You couldn’t hope to speak to someone more qualified to discuss current international affairs than Lord David Hannay. His career as a diplomat was spent in the highest profile roles dealing with the European Union and United Nations. Hannay was in the negotiating team for Britain’s accession to the EU in the 1970’s. During the first referendum in 1975, he was working in the European Commission for Sir Christopher Soames, one of the UK’s first two Commissioners. After that he served as British Ambassador and Permanent Representative to the EU during the Single Market negotiations. He finished his full time career at the FCO as Ambassador and Permanent Representative to the UN at the time of the Gulf War and the wars of the Yugoslav succession.
All this gives him a wide historical context for the diplomatic crises of today. What’s more, Hannay has been a highly active crossbench peer since 2001. He’s served in multiple committees on European and international affairs.
I met Hannay on 24 February, just after he had just given a powerful speech in an emergency Lords’ debate on Ukraine. Indeed, as we walked through the Palace, Hannay spoke to multiple peers to congratulate them on their input in the debate or discuss it and to explain why the CoCom international system on strategic exports could be more effective even than Swift. He is clearly a peer of exceptional insight and influence.I began by asking him whether the West could have seen this coming.
Lucy Kenningham (LK): Could we have predicted the invasion of Ukraine?
Lord David Hannay (DH): We did! We predicted every single step. Some weeks ago we (along with the Americans) made a conscious decision to publicise our intelligence. it turned out to be right: we predicted they were going to invade from Belarus, the Donbas and Crimea, as well as how many troops there would be and how many tanks they had.
Intelligence matters a hell of a lot. It’s not perfect because you’re trying to pry behind a very thick curtain that your adversary is trying to keep closed. Yet nowadays there’s a huge amount of open source materia. A lot of the material in this case was available by simply pressing a button on your computer. You could have got it, although you might have found it a bit difficult to interpret seeing as you need to be a specialist to look at an overhead picture and identify fifteen T-72 tanks and x number of self-propelled guns. That’s where you can hire an expert.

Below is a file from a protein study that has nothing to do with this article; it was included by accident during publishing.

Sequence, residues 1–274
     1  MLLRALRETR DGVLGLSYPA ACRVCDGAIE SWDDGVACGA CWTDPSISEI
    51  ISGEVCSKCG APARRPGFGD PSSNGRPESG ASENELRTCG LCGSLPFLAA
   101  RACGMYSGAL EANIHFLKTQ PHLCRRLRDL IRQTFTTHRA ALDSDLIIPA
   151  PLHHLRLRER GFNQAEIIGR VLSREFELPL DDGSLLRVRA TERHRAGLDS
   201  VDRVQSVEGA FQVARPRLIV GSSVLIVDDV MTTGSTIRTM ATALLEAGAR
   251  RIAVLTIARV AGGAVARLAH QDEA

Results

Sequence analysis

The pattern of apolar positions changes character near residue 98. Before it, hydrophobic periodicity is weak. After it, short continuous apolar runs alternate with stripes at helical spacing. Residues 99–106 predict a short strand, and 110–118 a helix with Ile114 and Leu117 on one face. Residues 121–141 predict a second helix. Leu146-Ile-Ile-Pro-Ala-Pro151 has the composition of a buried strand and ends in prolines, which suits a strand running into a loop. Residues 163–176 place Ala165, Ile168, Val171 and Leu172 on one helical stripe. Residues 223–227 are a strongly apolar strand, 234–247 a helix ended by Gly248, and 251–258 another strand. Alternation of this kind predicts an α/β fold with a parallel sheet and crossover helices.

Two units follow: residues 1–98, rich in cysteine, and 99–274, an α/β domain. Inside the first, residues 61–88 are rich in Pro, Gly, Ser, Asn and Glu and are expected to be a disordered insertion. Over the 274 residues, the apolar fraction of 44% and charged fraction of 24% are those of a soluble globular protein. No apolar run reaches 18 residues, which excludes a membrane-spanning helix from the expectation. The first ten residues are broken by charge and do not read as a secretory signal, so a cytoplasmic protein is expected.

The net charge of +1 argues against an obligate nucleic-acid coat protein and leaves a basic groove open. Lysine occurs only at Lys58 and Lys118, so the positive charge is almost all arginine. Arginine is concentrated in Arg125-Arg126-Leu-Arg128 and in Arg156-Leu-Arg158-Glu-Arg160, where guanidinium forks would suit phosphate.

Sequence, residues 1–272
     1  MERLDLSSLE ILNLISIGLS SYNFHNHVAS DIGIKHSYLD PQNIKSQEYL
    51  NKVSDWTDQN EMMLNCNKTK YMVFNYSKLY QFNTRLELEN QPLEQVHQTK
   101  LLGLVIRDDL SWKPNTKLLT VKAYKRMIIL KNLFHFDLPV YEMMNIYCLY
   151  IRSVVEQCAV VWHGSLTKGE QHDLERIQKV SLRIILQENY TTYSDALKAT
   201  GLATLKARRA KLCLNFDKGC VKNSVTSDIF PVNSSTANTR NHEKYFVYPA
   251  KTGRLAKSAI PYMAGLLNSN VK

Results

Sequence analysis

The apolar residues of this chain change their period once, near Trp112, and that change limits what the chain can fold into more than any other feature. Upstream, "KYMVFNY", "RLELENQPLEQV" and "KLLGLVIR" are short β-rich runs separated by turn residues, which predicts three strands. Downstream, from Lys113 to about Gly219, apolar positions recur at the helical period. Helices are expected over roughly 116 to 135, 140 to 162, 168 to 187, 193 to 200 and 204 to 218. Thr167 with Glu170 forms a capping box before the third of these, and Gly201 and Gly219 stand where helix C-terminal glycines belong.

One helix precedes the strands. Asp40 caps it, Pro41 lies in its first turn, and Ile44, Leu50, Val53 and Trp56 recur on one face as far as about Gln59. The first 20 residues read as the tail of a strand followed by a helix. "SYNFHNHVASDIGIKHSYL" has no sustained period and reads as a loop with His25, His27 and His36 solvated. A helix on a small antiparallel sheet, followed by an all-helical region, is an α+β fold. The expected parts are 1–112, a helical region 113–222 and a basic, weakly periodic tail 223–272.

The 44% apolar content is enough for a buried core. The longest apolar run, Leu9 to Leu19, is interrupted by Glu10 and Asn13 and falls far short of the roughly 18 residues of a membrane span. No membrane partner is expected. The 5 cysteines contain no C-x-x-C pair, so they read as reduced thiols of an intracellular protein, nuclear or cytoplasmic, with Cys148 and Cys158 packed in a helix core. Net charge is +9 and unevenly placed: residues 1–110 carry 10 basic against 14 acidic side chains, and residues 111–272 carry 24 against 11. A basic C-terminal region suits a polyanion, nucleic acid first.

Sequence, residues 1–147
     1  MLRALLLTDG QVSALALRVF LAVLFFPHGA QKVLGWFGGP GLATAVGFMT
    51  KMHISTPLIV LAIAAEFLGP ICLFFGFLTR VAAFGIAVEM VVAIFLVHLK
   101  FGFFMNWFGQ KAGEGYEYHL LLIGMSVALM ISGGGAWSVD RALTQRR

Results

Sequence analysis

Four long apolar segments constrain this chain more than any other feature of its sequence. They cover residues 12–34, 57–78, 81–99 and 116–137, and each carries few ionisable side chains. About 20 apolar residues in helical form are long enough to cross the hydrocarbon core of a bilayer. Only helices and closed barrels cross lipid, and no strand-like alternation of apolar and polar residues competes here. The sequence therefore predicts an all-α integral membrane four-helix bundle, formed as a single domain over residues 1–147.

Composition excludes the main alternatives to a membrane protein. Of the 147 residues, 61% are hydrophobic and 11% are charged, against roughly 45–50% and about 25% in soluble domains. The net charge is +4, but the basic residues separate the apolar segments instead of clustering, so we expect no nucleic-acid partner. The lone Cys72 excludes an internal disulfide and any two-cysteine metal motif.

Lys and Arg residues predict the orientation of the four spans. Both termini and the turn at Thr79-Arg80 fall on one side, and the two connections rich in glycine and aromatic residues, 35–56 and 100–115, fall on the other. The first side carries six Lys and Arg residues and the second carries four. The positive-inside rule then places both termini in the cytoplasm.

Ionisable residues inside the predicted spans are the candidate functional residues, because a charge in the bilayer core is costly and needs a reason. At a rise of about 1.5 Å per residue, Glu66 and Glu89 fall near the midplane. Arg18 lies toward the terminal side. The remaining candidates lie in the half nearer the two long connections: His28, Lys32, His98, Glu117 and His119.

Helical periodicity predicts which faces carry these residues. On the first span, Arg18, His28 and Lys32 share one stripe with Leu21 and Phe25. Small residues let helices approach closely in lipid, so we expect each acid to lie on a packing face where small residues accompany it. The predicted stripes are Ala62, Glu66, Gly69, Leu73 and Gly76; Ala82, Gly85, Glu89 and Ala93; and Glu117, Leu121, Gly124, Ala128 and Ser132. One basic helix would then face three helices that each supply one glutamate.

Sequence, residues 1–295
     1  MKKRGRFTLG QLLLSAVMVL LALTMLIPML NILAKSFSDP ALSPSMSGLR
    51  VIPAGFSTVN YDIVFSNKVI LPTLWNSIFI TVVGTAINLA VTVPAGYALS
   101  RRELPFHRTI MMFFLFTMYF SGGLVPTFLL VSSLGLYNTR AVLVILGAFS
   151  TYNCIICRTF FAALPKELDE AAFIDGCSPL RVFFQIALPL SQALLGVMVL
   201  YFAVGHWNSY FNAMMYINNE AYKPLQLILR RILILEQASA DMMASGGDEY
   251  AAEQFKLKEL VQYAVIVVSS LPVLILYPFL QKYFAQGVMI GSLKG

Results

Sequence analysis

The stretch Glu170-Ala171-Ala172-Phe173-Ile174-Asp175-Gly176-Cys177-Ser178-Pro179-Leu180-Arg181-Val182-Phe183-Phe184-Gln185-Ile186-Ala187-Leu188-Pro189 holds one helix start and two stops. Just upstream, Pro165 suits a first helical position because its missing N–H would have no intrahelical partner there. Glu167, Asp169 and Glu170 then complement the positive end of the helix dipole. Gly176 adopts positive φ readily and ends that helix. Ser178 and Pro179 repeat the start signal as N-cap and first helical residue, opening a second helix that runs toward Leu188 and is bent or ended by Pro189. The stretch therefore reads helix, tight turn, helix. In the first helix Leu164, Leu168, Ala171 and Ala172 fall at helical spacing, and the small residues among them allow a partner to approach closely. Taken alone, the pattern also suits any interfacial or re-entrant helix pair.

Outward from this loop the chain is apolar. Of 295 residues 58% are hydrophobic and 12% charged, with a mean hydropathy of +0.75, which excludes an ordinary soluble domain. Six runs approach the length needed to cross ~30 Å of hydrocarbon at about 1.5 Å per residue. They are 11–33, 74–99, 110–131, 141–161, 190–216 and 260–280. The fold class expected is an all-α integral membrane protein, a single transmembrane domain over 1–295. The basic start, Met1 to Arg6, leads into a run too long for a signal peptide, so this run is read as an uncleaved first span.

Now that is a complete antidote to the people who said that nobody would ever believe intelligence again after the 2003 invasion of Iraq, which was based on false information. Anybody who says that today is pretty silly, because the intelligence proved to be exactly right.
LK: If we predicted it then why are people so shocked?
DH: They were shocked that Putin launched an all-out war. There was speculation that he might just try to take a bite out of the western Donbas area. But the reality was that he was militarily configured for a full-scale invasion and unless you saw the configuration as a deception, you would have been a bit silly to dismiss it .
What you could say – and what lots of us did say – is that he hadn’t taken a final decision to do it yet. Remember, we are dealing with a dictator and an autocrat. I suppose we probably should have paid more attention to that 5000-word essay he wrote last summer about Ukraine [in which he claims it is not a legitimate country] and some of his other ramblings and ravings.
But would it have made any difference if we had known for certainty what was going to happen and when it was going to happen? The answer is probably not because we were never prepared to use force in Ukraine.
LK: So is there anything we could have done to prevent the invasion?
DH: We could have actually dipped our hands in the blood and set out the list of sanctions: the pipeline, Swift, named all the banks… We could have compiled all these things in a tabular list, but a lot of the people concerned didn’t want to until something had happened to justify it.
Although such a list may have helped a bit, it probably wouldn’t have made much difference in the end – judging by Putin’s rather emotional and paranoid attitude.
LK: What do you think motivates Putin?